A food allergy usually occurs in the first two years of life, says Dr. Ellis, a CHOC Allergy and Immunology Specialist. “It’s important to know that allergic reactions to food typically occur immediately or within two hours of eating the food,” Dr. Ellis explains. “The child might have skin issues like hives (itchy red spots) or develop itchy skin, or the child might throw up. All the organ systems can be involved. The child might wheeze or become short of breath. In severe cases, the cardiovascular system can be involved and the child could have a drop in blood pressure, feel light headed and faint.”
MANAGING FOOD ALLERGIES
There is no cure for food allergies and the best way to avoid getting sick is avoiding the food. “You have to find out what the child is allergic to. This comes from the family history and then we take a blood test or a skin test to confirm what the family has told the doctor,” says Dr. Ellis. With a serious reaction, an adult should inject the child with epinephrine (adrenaline that reverses the symptoms) and call 9-1-1. “Always have an epinephrine auto-injector. Learn how to read food labels and be careful at high-risk eating areas such as buffets, ice cream parlors and Asian restaurants.”
FOOD FOR THOUGHT
Any food can cause an allergy but a small number of foods are most commonly associated with food allergies. In fact, eight foods/food types account for 90 percent of all allergic reactions. They are: milk, eggs, peanuts, tree nuts (such as walnuts and almonds), soy, wheat, fish and shellfish. Even trace amounts of a food allergen can cause a reaction, including a severe or life-threatening reaction. Peanuts, tree nuts and fish are the most common causes of severe reactions, says Dr. Ellis.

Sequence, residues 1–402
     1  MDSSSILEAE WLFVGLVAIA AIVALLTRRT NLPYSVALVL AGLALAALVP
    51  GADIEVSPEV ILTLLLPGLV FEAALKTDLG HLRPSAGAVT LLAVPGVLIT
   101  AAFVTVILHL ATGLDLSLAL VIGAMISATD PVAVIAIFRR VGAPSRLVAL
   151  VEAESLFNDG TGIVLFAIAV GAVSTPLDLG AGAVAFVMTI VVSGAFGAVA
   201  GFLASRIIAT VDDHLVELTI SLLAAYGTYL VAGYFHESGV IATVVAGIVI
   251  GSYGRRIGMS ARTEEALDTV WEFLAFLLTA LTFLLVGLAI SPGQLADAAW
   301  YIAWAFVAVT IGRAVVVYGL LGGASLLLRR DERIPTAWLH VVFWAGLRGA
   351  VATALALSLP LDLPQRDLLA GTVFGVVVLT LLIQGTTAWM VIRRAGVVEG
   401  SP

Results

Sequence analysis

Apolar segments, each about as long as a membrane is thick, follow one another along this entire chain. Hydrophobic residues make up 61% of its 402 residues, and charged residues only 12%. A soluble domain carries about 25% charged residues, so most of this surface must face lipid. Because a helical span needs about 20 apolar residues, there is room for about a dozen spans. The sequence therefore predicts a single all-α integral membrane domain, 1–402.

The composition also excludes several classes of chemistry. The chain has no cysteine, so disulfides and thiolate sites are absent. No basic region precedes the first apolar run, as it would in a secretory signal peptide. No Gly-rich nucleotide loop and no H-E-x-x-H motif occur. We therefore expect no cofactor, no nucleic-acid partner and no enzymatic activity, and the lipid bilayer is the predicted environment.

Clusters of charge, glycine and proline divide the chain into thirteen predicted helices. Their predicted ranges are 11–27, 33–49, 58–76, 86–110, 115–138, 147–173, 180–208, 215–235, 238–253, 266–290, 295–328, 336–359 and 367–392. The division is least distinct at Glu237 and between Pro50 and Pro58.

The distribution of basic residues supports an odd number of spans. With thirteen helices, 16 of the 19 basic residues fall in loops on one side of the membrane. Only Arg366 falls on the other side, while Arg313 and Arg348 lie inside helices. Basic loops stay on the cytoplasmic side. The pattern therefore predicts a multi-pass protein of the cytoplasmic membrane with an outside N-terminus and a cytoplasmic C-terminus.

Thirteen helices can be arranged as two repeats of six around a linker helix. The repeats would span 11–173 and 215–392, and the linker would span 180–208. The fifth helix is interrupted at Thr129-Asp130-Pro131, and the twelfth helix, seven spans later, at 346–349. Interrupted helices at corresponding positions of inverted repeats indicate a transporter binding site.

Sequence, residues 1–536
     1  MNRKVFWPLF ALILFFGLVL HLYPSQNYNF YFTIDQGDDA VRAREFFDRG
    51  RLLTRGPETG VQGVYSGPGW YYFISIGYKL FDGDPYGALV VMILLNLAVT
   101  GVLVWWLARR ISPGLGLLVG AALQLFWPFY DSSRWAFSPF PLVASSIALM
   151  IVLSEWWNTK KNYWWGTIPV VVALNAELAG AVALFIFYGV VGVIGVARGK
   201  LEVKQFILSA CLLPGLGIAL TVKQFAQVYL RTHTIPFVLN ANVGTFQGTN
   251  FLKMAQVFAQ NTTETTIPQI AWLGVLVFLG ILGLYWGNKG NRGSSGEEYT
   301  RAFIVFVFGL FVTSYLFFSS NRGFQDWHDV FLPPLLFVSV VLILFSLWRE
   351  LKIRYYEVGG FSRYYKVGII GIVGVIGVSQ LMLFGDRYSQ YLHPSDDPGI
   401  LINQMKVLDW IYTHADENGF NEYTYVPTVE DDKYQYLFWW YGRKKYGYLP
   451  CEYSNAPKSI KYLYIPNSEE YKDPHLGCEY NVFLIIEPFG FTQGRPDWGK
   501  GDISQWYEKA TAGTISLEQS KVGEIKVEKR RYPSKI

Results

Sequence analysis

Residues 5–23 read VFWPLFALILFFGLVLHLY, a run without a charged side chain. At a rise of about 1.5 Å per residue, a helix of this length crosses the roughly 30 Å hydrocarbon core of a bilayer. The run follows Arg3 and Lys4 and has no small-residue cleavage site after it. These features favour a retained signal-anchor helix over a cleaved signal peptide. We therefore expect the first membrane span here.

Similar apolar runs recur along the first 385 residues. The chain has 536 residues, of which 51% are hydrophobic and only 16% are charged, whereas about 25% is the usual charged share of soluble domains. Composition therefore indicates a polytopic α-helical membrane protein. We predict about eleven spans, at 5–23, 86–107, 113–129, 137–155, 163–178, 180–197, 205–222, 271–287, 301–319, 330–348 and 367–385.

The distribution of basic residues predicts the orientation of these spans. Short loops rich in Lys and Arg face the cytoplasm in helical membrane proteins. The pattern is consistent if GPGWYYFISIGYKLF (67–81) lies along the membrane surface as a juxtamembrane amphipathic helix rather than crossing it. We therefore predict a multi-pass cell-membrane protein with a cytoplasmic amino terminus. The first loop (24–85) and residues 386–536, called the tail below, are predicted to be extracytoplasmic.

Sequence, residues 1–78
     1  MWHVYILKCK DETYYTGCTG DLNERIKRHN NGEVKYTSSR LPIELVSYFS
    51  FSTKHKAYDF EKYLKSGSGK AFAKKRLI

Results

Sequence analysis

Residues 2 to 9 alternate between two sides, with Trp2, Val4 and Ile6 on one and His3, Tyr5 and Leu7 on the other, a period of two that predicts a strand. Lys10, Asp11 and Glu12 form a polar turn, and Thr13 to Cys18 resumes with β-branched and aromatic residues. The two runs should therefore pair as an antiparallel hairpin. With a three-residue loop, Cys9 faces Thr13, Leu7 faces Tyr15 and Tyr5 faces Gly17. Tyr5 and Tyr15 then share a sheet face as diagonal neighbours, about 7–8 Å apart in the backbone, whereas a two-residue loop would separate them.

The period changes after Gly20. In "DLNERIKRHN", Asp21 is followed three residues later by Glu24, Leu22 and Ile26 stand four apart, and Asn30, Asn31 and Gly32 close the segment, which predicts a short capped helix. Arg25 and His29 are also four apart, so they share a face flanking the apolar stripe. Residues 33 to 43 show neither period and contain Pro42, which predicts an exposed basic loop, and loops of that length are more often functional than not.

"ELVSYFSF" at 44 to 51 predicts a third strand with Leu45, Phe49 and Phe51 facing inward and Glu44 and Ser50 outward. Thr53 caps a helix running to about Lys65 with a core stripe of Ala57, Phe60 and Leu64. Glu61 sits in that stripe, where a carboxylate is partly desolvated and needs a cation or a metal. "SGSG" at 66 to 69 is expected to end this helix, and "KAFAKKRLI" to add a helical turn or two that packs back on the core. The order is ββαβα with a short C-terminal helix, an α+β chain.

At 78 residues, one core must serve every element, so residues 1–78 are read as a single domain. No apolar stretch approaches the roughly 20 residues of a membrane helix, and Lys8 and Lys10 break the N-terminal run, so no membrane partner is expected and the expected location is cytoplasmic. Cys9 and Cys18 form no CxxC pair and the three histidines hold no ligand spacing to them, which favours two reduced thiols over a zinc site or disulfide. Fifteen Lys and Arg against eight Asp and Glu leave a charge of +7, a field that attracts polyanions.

- Estimated number of American children and adults with food allergies: 15 million
- Annual cost to the U.S. economy related to children’s food allergies: Almost $25 Billion
- Percentage of children under the age of six with food allergies: 6 – 8
PHYSICIAN FOCUS: DR. MARK ELLIS
Dr. Ellis completed his residency at the University of Arizona Health Sciences Center in Tucson and a fellowship in Allergy-Immunology at the University of California, Irvine, Medical Center. Dr. Ellis is chief of the CHOC Children’s Specialists Allergy & Immunology Division and is the Director of the Allergy, Asthma & Immunology program at CHOC. Dr. Ellis specializes in the treatment and management of allergies and asthma. He is a principal investigator for many clinical research studies for adults and children concerning new treatments for asthma and allergies.
Dr. Ellis’ philosophy of care: “I like to identify the problem and educate the family on ways to prevent disease.”
Tulane University School of Medicine in New Orleans
Allergy and Immunology
This article was featured in the Orange County Register on April 7, 2014, and was written by Amy Bentley.